Jose Mourinho, rightly, is known as one of the world’s top coaches. His reputation is so well-established that even people who know very little about the game know him, and the variety of leagues he’s succeeded in probably make him THE most obvious name when debating who the world’s best manager is.
The Premier League has finally got around to starting their games, the lazy buggers, kicking off for the first time yesterday. To tie in with this, there was a new piece on BornOffside yesterday morning, we took a look at what we think for the season ahead.
Eight of us gave our thoughts on who’ll win the league, qualify for the Champions’ League, be relegated, and surprise expectations. A few times we contradict each other, which is proof that we shall be proven right on all things.
Click here to read the BornOffside Premier League Preview
Aston Villa striker Christian Benteke handed in a transfer request on Monday, with a host of clubs linked with a move for the Belgian striker.
It’s always a risk when a player changes club – will he be able to adapt to the new environment, to his new teammates, to the new tactics? There’s a lot more to consider than just the paycheque on offer.
I’ve helped Christian to make his decision, by looking at the tactics of the four English clubs linked with him – Arsenal, Tottenham, Chelsea and Liverpool, and how he’d likely be used by those clubs.
Click here to read Where Should Benteke Go?
A little earlier in the week, an article I’d written was published by BornOffside.
Following the abdication of Alex Ferguson, not just from the manager’s office at Manchester United, but as the working figure with the greatest influence over the English game, that role is now up for grabs.
Will Moyes, who’s never won a trophy, rise to the extra pressure? Will Mourinho recreate his earlier success at Chelsea? How will Andre Vilas-Boas and Brendan Rogers build on impressive but mixed first years at their clubs?
For years, the idea of Alex Ferguson and Manchester United being on top seemed to be the default status quo – if they didn’t win the title one year, the feeling was that they would next year.
But now, there is the possibility of real change. The landscape of English football could look very different this time next year.
This was before the fixture list revealed that Manchester United would play Chelsea on the opening day, and Arsenal made an ambitious move to sign Gonzalo Higuain – if anything, the points I made have been underlined since.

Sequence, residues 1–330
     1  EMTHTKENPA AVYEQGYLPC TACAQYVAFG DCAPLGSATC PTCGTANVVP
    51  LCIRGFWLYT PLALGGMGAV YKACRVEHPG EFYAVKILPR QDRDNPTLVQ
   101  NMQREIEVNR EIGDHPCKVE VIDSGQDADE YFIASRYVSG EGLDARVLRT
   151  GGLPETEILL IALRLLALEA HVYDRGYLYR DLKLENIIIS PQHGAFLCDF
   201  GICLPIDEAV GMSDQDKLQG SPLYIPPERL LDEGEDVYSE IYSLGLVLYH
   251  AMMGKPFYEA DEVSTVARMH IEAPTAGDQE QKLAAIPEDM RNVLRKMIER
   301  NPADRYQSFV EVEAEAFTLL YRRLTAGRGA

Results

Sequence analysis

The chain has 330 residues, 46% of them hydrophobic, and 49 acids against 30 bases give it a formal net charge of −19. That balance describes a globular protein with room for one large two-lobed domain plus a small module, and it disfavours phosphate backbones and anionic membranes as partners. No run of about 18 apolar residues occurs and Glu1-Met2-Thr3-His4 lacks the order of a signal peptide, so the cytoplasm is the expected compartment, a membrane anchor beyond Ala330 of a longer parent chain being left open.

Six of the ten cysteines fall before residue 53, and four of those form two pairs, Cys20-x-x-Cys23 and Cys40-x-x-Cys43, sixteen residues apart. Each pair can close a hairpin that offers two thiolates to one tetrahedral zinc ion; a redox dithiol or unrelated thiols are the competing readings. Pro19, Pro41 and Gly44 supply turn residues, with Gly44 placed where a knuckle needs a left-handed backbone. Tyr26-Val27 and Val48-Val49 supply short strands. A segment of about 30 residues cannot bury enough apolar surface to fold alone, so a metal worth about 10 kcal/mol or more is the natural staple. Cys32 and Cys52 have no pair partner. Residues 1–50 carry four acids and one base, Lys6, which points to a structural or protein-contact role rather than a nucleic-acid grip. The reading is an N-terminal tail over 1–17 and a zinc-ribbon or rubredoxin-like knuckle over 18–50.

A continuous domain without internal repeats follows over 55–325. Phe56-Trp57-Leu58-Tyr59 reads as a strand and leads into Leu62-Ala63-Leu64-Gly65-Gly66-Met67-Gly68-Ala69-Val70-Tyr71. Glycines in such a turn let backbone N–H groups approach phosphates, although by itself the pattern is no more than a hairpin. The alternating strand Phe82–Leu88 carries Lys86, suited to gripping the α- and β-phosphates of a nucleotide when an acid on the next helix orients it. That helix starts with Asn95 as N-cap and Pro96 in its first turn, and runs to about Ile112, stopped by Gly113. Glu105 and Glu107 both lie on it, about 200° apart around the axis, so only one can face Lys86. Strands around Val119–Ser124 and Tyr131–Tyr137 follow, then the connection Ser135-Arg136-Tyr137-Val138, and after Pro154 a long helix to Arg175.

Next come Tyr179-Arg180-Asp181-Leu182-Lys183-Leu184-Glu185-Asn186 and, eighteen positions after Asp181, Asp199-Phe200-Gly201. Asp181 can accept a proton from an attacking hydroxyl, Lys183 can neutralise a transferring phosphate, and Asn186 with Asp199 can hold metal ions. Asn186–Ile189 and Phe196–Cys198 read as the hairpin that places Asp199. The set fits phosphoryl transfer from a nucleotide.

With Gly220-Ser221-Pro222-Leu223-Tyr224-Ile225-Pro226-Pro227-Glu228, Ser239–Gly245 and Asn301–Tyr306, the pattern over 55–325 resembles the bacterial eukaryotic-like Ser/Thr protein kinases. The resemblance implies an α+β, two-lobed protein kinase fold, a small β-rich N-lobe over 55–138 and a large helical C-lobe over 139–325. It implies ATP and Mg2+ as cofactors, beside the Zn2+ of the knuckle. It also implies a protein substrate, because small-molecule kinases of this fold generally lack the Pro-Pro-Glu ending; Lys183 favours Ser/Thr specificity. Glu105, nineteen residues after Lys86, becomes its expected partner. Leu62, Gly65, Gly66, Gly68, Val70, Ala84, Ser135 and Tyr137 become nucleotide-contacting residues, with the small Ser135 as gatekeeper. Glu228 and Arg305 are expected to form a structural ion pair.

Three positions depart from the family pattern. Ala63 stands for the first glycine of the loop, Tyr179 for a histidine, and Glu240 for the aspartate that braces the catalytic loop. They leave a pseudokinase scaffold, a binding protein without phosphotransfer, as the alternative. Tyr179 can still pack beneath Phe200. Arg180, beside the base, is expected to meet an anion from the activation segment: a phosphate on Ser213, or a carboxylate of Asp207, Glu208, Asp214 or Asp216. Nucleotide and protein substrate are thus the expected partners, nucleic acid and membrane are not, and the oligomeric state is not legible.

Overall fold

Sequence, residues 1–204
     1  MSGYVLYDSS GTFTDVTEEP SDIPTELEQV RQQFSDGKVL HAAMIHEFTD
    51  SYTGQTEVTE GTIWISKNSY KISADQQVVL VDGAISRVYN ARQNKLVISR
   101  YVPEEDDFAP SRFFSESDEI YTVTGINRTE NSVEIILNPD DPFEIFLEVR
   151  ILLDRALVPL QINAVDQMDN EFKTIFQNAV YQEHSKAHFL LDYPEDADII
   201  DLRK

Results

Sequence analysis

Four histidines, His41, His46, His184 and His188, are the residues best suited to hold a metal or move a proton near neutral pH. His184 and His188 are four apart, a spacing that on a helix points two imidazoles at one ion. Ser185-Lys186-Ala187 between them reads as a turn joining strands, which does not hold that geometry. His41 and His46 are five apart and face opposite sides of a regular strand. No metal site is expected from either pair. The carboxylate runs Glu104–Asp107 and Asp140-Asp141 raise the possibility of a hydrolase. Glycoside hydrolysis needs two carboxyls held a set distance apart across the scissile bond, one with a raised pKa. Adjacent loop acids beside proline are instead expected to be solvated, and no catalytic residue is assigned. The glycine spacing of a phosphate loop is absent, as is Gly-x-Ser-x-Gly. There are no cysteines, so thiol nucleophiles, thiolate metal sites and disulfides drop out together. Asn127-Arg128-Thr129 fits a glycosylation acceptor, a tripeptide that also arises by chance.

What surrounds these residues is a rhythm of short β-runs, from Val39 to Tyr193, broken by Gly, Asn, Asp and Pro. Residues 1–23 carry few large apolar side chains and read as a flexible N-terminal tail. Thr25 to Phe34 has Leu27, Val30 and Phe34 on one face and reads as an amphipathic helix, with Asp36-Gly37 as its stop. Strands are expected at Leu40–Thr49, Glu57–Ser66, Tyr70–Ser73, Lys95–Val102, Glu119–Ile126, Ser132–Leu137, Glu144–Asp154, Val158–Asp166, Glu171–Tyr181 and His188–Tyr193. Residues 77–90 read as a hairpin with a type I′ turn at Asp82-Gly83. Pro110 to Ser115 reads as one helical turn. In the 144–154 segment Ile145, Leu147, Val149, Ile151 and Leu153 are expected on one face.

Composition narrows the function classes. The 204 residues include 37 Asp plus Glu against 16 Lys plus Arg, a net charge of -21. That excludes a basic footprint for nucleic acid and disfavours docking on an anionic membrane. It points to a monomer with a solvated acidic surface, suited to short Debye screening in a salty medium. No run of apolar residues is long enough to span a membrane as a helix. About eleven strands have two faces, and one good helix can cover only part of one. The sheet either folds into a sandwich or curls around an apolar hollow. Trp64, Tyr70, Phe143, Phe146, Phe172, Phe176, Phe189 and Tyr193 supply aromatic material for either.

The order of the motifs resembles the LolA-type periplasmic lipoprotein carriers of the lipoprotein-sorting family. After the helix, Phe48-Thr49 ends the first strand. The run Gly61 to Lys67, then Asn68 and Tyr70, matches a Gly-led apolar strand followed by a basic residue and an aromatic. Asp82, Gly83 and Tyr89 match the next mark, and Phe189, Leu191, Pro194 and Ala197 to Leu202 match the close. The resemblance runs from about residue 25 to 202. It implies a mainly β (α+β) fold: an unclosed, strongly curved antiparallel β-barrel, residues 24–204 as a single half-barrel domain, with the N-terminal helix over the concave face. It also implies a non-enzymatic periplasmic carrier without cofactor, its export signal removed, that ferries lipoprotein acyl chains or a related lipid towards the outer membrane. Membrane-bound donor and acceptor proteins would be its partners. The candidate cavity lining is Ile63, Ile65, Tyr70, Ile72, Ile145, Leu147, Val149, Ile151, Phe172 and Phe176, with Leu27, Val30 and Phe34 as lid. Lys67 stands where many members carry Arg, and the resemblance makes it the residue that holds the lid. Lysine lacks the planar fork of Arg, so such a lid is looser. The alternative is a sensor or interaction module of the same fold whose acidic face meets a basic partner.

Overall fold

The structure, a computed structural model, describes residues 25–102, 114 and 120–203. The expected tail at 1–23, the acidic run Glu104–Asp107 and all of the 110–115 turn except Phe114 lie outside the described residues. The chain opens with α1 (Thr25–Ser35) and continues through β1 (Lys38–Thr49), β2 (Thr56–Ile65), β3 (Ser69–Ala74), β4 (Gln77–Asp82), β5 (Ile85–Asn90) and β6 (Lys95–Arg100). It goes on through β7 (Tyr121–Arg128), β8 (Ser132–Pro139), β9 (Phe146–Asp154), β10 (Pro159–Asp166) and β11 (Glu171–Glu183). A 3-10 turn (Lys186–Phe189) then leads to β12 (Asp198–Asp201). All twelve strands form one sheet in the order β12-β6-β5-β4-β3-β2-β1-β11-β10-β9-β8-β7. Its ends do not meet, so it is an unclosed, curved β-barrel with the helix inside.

Click here to read Who Will Set the Standards for the Premier League?
Writing for Squawka earlier today, I’ve taken a look at some of the goalkeepers Arsenal are rumoured to be interested in pursuing, comparing their performances from a statistical perspective.
Rene Adler, Victor Valdes, Asmir Begovic, Pepe Reina, Michel Vorm and Petr Cech are amongst those who’ve been linked, and I’ve also looked at Wojciech Szczesny, Lukasz Fabianski and Vito Mannone – the three keepers used by Arsenal this season.
I’ve compared their goals conceded and clean sheets; their amount of saves made; success in claiming balls into the box and their distribution.
Click here to read my statistical look at who Arsenal’s next keeper should be.
You know how sometimes you plan to do something, keep intending to go back to it in just a few hours, regret not doing it yesterday, and then intend to do that thing in just a few hours for a second day in a row? Then a third?
Yeah, I meant to link to my Lower League Fortnight column when it went live last Thursday. I make it a principle of sorts to make sure everything I write is linked to from here, so I’m catching up, even if it is out of date.
Last Thursday’s Lower League Week (written before the frantic last two days of the transfer window) covered Swindon’s new owners, Bournemouth’s impressive form, Sheffield United hitting a rough patch, Zoko being a bit daft for Notts County, Keith Hill’s return to Rochdale, and a banana.
You can read all of that by clicking on The Lower League Fortnight – Of Money and Managers.